- Meeting with the principal owners: After you’ve looked into the possibility of investing in a small business that suits your portfolio and checks all the boxes, you will have to meet with the owners of the business to pitch the idea to them. Now, this particular step is a bit misleading, as many seem to think that companies sniff around for investors, regardless of their status as small or big. It sure seems logical that the thirsty look for the well, not the other way around. However, again, understand that many small businesses do not take kindly to the idea of a takeover and might take some time to be convinced for an investment. You will have to change the plan; pitch an idea that involves a loan-like investment with a low interest rate, or promise them that the investor will be a silent partner and will not interfere in the functioning of the company.
- Do your homework; due diligence: Once you’ve pitched the idea for the investment drive, and the principal owners are willing to let you in on the project, you will then need to look over the files; the projections, the earnings, the details and all the stats to understand what the company is, what it stands to be and what can it grow into financially. Do your homework, pay close attention to the numbers and do not hesitate from conducting financial background checks and whatnot to make sure you’re investing your money in the right small business and do not stand to lose your hard-earned money.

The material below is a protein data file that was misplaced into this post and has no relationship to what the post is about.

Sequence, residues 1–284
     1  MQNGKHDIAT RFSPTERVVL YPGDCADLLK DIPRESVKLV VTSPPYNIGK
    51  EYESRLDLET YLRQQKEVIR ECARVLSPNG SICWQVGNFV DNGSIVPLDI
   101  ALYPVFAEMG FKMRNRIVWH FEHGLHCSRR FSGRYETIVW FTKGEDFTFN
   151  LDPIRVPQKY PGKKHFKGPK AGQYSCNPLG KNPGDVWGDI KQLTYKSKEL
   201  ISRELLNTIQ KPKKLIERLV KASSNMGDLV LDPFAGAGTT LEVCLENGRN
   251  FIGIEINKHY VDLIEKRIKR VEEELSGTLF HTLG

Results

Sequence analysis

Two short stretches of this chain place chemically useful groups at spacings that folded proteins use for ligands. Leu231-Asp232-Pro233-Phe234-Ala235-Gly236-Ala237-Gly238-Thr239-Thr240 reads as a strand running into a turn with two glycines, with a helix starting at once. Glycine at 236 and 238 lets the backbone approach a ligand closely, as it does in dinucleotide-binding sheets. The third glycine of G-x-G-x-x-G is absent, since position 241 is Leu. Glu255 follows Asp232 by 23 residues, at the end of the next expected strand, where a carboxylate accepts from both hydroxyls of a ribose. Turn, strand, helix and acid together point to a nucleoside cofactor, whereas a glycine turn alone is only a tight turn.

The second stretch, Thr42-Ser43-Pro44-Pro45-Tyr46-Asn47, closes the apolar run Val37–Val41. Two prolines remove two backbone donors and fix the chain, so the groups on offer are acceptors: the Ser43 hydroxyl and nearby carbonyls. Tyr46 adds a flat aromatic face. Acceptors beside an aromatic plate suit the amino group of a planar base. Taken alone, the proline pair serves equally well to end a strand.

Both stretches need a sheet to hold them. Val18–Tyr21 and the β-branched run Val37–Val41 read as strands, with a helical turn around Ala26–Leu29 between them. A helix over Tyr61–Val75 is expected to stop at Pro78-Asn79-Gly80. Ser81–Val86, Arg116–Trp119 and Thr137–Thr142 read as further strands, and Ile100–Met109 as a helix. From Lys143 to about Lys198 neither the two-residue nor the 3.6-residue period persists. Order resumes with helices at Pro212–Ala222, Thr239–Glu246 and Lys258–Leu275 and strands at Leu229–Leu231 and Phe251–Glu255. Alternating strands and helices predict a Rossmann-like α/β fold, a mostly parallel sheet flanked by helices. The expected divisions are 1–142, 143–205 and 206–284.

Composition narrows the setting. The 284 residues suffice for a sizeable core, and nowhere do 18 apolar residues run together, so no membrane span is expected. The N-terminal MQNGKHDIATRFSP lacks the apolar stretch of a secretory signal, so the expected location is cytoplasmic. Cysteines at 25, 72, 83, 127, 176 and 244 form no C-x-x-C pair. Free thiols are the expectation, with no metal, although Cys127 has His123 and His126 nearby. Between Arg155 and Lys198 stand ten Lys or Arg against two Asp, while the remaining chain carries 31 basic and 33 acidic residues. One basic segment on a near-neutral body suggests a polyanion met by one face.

- Bargain with the small business: Once you’ve gotten to know the inside-out of the small business and feel like you’re equipped well with the insider-knowledge of the business, you can then go ahead and start the bargaining and negotiating process with the small business owners. Chances are, due to the abject requirement of money from the small business, the owners will accept whatever you put in front of them, but they won’t go down without a fight. To keep things as smooth as possible, offer some middle ground where you both compromise on key things and reach a position where it’s beneficial for both of you. Usually, this tug-of-war is where the control will lie of the small business; whether with the new investor or the company founder. Reach a decision where neither one gets full control but rather a joint decision-making hierarchy is established.